Dental Tartar (Calculus) - Causes, Prevention and Removal

GSD-Dental-Tartar-Plaque-Calculus-Causes-Prevention-Removal-Blog-10.15.20-2A whopping 68% of adults have dental tartar, also called calculus. Dental tartar is a hard, calcified deposit that forms and coats the teeth and gums. If plaque is not removed on a regular basis, such as through brushing and flossing, it hardens within 24 to 72 hours and becomes tartar. The tartar buildup can make it difficult to brush and floss properly, leading to cavities, gum disease, and bad breath. Because tartar is strongly bonded to the tooth enamel, it can only be removed by a dental professional. 


Even if you take good care of your teeth, you still have bacteria in your mouth that mixes with sugary or starchy food when you eat. As a result, a sticky film called dental plaque is formed, coating your teeth, gums, and dental restorations. Plaque houses acid-forming bacteria that can damage tooth enamel and cause cavities. If you fail to remove plaque regularly, it hardens to become tartar. Tartar is very rough and porous, can only be removed with special dental tools, and can lead to gum recession and gum disease, if left untreated.

Although everyone develops plaque, you are more at risk if you:

  • Eat food high in sugar (e.g. sweets, cakes, etc.) 
  • Eat food high in carbohydrates (e.g. bread, pasta, potato chips, etc.) 
  • Have dry mouth due to not drinking enough water or taking certain medications
  • Smoke or chew tobacco

There is no way to completely avoid plaque, but you can prevent it from accumulating by brushing and flossing your teeth regularly.


The best way to prevent tartar is by taking good care of your oral health. You can do this by:

  • Brushing your teeth twice a day for two minutes at a time and flossing daily
  • Using an electric toothbrush, replacing the bristles every 3 months
  • Using a fluoride toothpaste
  • Visiting your dentist every 6 months for routine checkups and cleanings
  • Eating a healthy balanced diet, and limiting the consumption of sugars and starches
  • Avoiding smoking or chewing tobacco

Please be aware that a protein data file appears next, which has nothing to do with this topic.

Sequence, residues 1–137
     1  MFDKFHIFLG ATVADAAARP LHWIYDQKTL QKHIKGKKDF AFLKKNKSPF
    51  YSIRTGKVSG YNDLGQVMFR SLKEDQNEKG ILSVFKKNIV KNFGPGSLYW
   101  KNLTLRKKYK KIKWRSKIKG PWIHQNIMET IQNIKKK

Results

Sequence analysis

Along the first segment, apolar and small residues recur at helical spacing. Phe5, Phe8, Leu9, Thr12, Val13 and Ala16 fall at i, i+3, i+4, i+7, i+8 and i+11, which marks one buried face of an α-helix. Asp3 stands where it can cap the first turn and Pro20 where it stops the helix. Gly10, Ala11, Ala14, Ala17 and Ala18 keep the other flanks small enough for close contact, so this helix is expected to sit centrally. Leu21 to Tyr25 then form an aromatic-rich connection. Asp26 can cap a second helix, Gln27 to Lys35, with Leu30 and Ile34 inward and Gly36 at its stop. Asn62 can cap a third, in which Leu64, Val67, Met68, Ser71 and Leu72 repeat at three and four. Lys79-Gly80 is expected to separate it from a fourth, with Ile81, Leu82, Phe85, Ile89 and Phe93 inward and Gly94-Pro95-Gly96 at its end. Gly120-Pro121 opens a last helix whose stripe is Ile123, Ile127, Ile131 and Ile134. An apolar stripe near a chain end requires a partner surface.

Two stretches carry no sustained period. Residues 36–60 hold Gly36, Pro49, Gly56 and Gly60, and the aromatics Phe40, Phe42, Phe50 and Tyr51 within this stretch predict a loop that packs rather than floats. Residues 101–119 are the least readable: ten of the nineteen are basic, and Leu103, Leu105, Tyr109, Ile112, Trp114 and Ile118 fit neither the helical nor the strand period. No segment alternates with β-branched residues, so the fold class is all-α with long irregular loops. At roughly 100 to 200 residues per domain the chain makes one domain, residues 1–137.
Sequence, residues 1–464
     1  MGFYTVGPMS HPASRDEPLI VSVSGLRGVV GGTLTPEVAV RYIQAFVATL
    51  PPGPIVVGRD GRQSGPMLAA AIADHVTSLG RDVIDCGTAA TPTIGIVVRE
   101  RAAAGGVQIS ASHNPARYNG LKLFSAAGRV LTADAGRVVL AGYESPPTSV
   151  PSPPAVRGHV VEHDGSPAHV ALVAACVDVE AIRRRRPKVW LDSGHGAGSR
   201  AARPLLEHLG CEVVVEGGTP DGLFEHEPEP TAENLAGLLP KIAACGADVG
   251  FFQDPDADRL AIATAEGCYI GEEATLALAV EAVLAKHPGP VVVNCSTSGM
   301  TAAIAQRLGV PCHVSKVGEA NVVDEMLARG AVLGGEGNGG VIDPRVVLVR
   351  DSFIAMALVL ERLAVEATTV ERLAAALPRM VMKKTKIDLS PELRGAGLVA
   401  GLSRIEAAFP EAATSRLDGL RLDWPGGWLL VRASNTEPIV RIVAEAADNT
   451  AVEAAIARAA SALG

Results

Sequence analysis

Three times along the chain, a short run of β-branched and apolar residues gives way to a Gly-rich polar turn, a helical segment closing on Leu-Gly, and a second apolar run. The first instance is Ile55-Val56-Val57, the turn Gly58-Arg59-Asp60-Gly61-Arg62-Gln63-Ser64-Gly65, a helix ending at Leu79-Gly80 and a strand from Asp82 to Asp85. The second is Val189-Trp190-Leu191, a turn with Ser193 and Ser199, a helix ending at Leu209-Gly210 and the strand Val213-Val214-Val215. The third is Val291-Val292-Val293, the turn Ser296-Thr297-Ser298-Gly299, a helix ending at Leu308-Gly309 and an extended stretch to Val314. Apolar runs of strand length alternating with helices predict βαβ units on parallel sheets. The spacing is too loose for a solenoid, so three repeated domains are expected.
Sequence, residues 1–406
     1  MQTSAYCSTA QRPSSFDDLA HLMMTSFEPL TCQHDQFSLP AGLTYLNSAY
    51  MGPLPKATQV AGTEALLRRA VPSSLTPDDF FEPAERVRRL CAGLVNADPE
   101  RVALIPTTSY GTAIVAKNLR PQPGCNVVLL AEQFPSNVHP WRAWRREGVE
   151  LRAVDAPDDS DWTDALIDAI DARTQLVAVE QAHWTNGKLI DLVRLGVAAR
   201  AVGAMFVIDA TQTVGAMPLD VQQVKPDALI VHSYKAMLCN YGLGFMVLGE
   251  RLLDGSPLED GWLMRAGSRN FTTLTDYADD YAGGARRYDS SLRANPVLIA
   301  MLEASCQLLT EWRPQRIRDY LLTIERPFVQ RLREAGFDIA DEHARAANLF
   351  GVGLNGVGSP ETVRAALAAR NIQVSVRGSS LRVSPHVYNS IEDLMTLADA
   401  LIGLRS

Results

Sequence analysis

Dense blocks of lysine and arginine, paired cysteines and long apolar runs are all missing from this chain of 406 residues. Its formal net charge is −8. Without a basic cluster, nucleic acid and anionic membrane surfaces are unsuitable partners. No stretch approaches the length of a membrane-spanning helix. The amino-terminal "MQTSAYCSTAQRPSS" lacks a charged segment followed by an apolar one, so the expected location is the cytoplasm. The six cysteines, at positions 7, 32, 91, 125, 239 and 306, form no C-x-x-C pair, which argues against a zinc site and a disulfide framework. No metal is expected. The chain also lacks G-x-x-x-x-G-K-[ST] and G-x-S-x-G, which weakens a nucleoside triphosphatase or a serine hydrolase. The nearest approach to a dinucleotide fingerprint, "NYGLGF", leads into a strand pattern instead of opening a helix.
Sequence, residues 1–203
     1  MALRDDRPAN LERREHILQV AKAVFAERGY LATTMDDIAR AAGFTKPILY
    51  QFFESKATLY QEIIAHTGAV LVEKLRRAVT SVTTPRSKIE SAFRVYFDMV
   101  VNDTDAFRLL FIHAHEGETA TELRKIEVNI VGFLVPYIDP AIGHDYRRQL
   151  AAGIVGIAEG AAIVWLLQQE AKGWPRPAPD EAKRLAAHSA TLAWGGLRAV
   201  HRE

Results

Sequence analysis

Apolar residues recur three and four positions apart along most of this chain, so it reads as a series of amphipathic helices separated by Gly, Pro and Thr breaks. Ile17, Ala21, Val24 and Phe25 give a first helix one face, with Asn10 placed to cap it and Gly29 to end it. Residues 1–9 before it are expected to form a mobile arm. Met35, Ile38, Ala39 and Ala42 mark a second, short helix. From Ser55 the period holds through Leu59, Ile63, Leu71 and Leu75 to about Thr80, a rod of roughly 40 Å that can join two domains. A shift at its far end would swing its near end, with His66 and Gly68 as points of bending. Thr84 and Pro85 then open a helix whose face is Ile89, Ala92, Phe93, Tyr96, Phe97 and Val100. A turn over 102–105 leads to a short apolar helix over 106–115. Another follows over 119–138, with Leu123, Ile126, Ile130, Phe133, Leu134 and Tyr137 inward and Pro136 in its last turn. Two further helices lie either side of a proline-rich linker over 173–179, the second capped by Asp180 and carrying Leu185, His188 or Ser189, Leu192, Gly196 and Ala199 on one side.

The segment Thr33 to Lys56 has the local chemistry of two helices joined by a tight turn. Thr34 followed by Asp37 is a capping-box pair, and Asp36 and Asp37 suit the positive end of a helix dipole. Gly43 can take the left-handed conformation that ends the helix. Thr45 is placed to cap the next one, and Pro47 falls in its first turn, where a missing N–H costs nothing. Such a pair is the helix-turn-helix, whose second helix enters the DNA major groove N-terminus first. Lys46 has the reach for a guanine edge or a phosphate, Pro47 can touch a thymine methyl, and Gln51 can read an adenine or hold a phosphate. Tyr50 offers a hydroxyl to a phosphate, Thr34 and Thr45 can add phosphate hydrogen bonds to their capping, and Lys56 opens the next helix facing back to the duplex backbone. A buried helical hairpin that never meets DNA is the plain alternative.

Tartar buildup bonds strongly to tooth enamel and must be removed by a dental professional. This can be done with a professional cleaning, debridement, or scaling and root planing.

If you do not have dense deposits and your teeth have not been affected by bone loss or periodontal disease, getting a regular dental cleaning every six months is recommended by the American Dental Association. At your regular dental checkup and cleaning, your dentist or dental hygienist will use a scaler to remove any dental plaque, tartar, and stains around your gums and between your teeth.

A debridement is recommended for people who have dense calculus on their teeth that interferes with the dentist's ability to perform a comprehensive oral evaluation. Ultrasonic instruments and hand tools are used to fracture tartar and remove it.

If you have pockets between your teeth and gums, or periodontal (gum) disease you may need scaling and root planing, which is a deep cleaning. This procedure is performed using local anesthesia, and plaque and tartar are removed above and below the gumline, all the way down to the bottom of the pocket. Afterwards, the teeth roots are smoothed out to help your gums reattach to your teeth.

It's important to be proactive and take care of your teeth before it comes a bigger, more costly problem in the future.

Do you have dental tartar? Contact us at (925) 705-7093 or request an appointment online.

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Tags: oral health plaque dental cleaning deep cleaning periodontal disease dental health gum disease tartar